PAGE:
Here’s a quick recap from last night’s meeting of Community Board 3’s land use committee, which is planning for the redevelopment of the 7-acre Seward Park site (SPURA). For the first time, there was at least an inkling from the city that they see some merit in the CB3’s planning guidelines, passed last January.
Officials with the NYC Economic Development Corp. said it would likely be many months, perhaps more than a year, before they commit to any specific plan for SPURA. But in preparing for a sweeping environmental review, which is costing them more than $1 million, they outlined the following “maximum” program:
- a development project on 9 parcels totaling 1.5 million square feet.
- a project in which 60% of the available square footage (FAR) is devoted to residential units
- a project in which 40% of the available square footage is devoted to non-residential uses (commercial & community spaces)
- approximately 900 units of housing (50% of those units being affordable housing)
- 10,000 square feet of open (green) space
- replacing (in underground garages) 350 parking spaces that will be lost on the SPURA surface lots
- a public market; either a new facility on Site #2, a renovated facility in the current Essex Street Market location or two markets (one on Site 2 and one on Site 9).
- A 200-room hotel
These parameters do not, the officials emphasized, represent anything close to a final plan (they essentially reflect CB3’s guidelines). They are only meant to guide the environmental review, which will study the “worst case” environmental impact on the neighborhood.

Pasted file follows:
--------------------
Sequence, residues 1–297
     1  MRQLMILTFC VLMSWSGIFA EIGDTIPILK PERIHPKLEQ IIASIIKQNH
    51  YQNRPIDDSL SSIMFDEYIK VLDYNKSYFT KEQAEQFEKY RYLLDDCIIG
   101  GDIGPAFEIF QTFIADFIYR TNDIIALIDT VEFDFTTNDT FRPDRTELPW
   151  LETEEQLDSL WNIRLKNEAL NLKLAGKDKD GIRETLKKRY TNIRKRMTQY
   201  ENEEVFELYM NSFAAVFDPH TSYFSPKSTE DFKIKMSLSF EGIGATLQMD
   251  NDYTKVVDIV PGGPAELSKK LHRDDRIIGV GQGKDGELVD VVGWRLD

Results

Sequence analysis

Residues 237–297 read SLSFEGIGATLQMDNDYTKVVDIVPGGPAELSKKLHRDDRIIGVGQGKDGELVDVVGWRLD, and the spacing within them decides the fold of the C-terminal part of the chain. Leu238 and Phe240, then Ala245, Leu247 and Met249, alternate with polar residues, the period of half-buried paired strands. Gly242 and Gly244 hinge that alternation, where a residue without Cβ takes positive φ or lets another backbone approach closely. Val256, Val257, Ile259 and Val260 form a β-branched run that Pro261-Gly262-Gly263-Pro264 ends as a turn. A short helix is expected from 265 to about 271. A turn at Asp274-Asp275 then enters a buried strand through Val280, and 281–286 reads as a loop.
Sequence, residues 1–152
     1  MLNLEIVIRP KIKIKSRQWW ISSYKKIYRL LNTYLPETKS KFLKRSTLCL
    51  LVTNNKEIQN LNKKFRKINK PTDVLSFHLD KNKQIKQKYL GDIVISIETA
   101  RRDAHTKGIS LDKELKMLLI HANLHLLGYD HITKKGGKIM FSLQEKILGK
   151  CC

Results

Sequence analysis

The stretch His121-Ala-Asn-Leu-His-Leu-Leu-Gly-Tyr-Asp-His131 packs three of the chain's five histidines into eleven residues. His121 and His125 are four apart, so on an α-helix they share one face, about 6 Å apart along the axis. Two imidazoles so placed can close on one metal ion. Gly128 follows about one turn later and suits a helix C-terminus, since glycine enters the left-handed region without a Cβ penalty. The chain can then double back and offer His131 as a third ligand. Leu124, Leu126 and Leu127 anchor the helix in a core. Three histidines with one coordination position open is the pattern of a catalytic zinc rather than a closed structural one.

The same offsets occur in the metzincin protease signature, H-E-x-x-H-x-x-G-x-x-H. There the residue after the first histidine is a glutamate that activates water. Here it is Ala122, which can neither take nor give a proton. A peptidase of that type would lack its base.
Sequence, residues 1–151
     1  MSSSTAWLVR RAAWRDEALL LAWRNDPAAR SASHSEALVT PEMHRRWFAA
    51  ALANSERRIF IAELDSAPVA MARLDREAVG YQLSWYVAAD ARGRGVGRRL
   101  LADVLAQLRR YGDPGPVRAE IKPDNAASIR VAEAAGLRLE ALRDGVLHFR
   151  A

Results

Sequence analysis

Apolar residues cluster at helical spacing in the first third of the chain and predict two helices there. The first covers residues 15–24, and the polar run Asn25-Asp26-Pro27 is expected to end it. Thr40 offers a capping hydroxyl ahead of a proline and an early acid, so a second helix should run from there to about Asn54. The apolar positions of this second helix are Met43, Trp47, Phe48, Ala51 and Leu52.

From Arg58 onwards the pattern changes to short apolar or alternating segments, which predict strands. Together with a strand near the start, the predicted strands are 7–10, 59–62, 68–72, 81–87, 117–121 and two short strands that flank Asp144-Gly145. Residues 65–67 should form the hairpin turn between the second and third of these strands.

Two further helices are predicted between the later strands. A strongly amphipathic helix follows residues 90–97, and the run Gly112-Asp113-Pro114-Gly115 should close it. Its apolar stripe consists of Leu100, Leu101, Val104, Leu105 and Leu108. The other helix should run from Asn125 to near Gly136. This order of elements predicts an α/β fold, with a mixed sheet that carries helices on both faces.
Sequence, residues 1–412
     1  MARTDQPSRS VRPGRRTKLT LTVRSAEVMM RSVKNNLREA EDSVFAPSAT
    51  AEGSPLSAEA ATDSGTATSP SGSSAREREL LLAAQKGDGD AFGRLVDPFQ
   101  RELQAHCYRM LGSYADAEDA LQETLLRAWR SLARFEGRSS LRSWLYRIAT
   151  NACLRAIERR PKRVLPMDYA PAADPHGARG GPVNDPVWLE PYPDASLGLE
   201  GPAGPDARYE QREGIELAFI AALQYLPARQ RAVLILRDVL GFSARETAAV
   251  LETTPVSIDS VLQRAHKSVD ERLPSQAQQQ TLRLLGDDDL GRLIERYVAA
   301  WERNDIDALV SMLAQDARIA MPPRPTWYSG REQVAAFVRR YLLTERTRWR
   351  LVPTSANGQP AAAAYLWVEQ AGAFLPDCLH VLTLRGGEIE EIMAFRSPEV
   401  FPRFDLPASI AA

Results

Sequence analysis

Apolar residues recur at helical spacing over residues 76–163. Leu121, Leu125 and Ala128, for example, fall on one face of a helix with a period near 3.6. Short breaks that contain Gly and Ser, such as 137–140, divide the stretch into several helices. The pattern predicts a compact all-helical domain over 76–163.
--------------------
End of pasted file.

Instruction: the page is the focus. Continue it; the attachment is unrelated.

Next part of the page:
AKRF, an environmental planning firm, will be conducting the review, which will stretch through most of 2012. Towards the end of next month, the city will release a draft “scoping document,” a detailed description of what will be studied. The review will cover a wide range of impacts, including: the effects a “maximum” project would have on air, water, transportation, surrounding housing, neighborhood character, etc.
Once the draft document is released, Deputy Mayor Robert Steel’s office will schedule a public hearing. That hearing will likely be held in early October. Sometime after the study is completed (in the fall of 2012), the city and community board would develop a master plan, begin the land use approval process (ULURP) and, finally, issue requests for proposals from developers.
Last night, several members of the committee questioned various aspects of the proposed environmental review. We’ll have a full report detailing their concerns and the city’s response, in the next week.